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Frequently Asked Questions

We often think of easements as roads or maybe something that the power company uses to run highlines across our property.  Both are correct, and there are many, many more examples (pipelines, drainage easements, pad sites, frac ponds, etc.).  An easement is simply a property right to use land belonging to another person.  Easements create a dominant and servient estate—the dominant estate being the land served by the easement, and the servient estate being the land used for the benefit of other land.  Easements can be express or implied.  For example, Owner A sells his highway frontage property to Owner B but keeps the rest of the property behind it.  In the deed to Owner B, Owner A reserves an express road easement to access the property in back (the dominant estate) from the highway over Owner B’s frontage property (the servient estate).  That’s an express easement.  On the other hand, if Owner A sold the entire surface of his property to Owner B but reserved the minerals in the deed, Owner A now owns an implied easement to use Owner B’s surface (the servient estate) as is reasonably necessary to develop the minerals underneath (the dominant estate).  Owner A would not have to expressly reserve such an easement; it is “implied” in his reservation of the minerals in the conveyance of the surface to Owner B.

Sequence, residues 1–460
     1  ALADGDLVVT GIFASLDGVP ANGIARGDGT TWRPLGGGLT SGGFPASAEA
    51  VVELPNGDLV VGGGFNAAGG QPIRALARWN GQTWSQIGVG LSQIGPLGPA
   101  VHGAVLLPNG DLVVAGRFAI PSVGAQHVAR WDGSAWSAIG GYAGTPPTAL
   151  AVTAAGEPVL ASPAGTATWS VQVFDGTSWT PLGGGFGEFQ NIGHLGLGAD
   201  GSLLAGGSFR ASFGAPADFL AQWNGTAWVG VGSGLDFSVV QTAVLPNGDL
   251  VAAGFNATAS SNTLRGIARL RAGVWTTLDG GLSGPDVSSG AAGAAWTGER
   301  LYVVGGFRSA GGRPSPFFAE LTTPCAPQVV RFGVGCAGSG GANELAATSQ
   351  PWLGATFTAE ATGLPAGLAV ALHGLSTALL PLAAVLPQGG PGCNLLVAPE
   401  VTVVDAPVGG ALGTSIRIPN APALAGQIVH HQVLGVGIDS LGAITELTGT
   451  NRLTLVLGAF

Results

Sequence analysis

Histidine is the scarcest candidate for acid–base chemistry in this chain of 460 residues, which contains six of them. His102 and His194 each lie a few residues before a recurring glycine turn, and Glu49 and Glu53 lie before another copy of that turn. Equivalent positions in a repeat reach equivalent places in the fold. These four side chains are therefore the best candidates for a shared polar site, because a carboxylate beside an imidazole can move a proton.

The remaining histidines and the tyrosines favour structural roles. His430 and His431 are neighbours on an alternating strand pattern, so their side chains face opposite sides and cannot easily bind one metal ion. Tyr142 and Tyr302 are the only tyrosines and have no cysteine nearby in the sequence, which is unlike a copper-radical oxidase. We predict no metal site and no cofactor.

A landowner with a mineral fee estate may own some of the following mineral rights or attributes: the executive right (right to lease), right to develop, and the right to receive royalty payments. The executive right allows a mineral owner to enter into an oil and gas lease, receive bonus and the right to receive delay rental (deferment of drilling during the primary term of the lease). The right to develop allows a mineral owner the right to drill, extract, transport and sell oil and gas production. The right to receive royalty payments is reserved by the mineral owner in an oil and gas lease when the right to develop (working interest) is granted to the oil company.

A mineral owner may have one, some or all of the mineral rights. It is important to know what rights you hold when entering an oil and gas lease or other transaction to properly determine the economic benefits to which you are entitled.

A royalty interest is created by an oil and gas lease, entitling its owner to receive payments from production of oil and gas free of operational production costs. Typically, a royalty interest in an oil and gas lease is no more than ¼ of the sales from production.

A non-participating royalty interest (NPRI) owner is also entitled to share in production with no production costs; however, since an NPRI is carved out of the mineral interest and stripped of executive rights, an NPRI owner does not have the right to enter into a lease (which is the executive right) or receive the benefit of bonus or delay rentals.